Attempt to Make AIDS Therapy Simpler Runs Into a Clinical Trial Roadblock

July 16, 2003

Ed Susman

July 15, 2003 (Paris) — Patients infected with human immunodeficiency virus (HIV) would likely be more compliant with long-term therapy if they didn't have to take complicated multidrug regimens to achieve adequate suppression of the virus in their blood.

While a far cry from the early days of protease inhibitor treatments when handfuls of medications were needed all day long, doctors continue to try to make the drug cocktails easier to follow and easier to consume.

A combination drug made up of three nucleoside reverse transcriptase inhibitors (NRTIs), zidovudine, lamivudine, and abacavir (Trizivir; GlaxoSmithKline) has the simple dosing regimen of one pill in the morning and one a night. A group of researchers decided to study whether the triple-drug therapy could suppress the virus as well as combinations of drugs from two or more classes, such as the frequently prescribed cocktail of two NRTIs and the nonnucleoside reverse transcriptase inhibitor efavirenz.

A large study in which the triple NRTI regimen was compared with two treatments containing efavirenz was stopped abruptly because the Data and Safety Monitoring Board of the overseeing agency, the National Institute of Allergy and Infectious Diseases, found that too many patients in the triple NRTI arm were suffering virologic failure compared with patients in the efavirenz arms.

In presenting the results of the trial that was halted, Roy Gulick, MD, associate professor of medicine at Cornell University's Weill College of Medicine in New York City, explained that the goal of the researchers in the AIDS Clinical Trials Group protocol 5095 was not to show that the triple NRTI treatment was better, just to prove it wasn't inferior. Even so, it didn't turn out that way.

"In treatment-naive patients, the combination of zidovudine, lamivudine, and abacavir is inferior to efavirenz-containing treatment in terms of rates and time to virologic failure," Dr. Gulick said here in his oral presentation at the Second International AIDS Society Conference on HIV Pathogenesis and Treatment.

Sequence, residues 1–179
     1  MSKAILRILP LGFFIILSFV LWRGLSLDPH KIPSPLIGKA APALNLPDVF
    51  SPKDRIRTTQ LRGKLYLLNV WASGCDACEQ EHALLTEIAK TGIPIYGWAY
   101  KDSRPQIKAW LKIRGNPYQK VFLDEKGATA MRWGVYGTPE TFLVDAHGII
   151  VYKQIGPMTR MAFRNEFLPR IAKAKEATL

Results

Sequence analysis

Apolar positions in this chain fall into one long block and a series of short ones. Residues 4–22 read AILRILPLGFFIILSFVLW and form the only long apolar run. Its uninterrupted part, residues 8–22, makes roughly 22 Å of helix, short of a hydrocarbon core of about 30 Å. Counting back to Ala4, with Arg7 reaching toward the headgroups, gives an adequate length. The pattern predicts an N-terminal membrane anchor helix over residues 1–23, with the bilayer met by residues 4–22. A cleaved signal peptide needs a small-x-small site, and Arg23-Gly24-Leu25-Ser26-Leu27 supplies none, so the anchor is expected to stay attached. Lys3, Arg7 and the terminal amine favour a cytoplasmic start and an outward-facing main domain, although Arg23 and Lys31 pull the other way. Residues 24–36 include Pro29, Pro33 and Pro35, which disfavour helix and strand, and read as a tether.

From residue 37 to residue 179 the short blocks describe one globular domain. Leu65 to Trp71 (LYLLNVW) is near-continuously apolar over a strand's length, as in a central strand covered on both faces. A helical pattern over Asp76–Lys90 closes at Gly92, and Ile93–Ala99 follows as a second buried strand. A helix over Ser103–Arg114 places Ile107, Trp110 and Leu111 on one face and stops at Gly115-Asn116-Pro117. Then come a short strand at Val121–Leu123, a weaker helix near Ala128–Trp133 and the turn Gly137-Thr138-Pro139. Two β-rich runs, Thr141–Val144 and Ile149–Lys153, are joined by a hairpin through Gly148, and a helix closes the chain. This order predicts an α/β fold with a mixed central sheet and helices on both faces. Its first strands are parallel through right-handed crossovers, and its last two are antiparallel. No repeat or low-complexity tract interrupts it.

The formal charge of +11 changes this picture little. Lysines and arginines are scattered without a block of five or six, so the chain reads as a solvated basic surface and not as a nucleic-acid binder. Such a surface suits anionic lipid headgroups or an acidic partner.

The researchers enrolled 1,147 patients into the study. When the data were analyzed, the researchers found that 82 patients (21%) who were receiving the triple NRTI regimen had experienced virologic failure. Among the patients in the efavirenz arms of the study, 11% experienced virologic failure. "That difference was highly statistically significant at the P < .001 level," he said. Virologic failure in the study was defined as more than 200 copies of the virus at week 16 or later.

Dr. Gulick reported on results after 32 weeks of study. The two efavirenz arms &#151; one in which efavirenz is combined with the same triple NRTI combination and a second arm that compared efavirenz with zidovudine and lamivudine &#151; were not unblinded. The study is continuing to determine if there is a clinical difference in outcomes among those patients. When the triple NRTI arm of the study was terminated, the patients and their physicians were informed and they were allowed to alter their treatment if they desired or they could remain on the triple NRTI therapy.

In addition to the overall findings, Dr. Gulick said that the efavirenz combinations were superior to the triple NRTI approach both among patients with baseline viral loads greater than 100,000 copies/mL and among patients with baseline viral loads less than 100,000 copies. Those results were also statistically significant, he said. Both regimens result in similar improvements in CD4+ cell counts, with patients recording an average increase of 170 cells.

Even though the trial showed that the efavirenz combination was more durable than the triple NRTI formula, the researchers suggested there was still a role that the triple-drug combination could play. "When you have to make decisions in the clinic, sometimes the ease with which a drug can be taken might be more important," said Sheldon Landesman, MD, chief of infectious diseases at Brookdale Hospital Medical Center in Brooklyn, N ew York. He implied that among individuals who were at high risk for being noncompliant with their therapy, being able to take one pill twice a day might be more important than a higher risk of virologic failure.

"Trizivir is a very useful drug," agreed Christine Katlama, MD, professor of medicine at Hôpital Pitie-Salpetriere in Paris, France. And Princy Kumar, MD, associate professor of medicine at Georgetown University in Washington, D.C., said that despite the trial results, clinicians may still find the triple NRTI combination useful because of "its simplicity, its lack of interaction with other drugs, and its utility for future treatment options."

In a separate presentation, Charles Farthing, MD, medical director of the AIDS Healthcare Foundation in Los Angeles, California, reported on a pilot study using another triple NRTI combination of abacavir, lamivudine, and tenofovir as a once-a-day treatment. He observed that 11 of the 19 patients in the study experienced early virologic failure. "Their data provide further concerns about the potency of triple nucleoside regimens in treating patients with HIV infection," he said.

Second IAS Conference: Abstracts 41, 42, 43. Presented July 15, 2003.



Reviewed by Gary D. Vogin, MD

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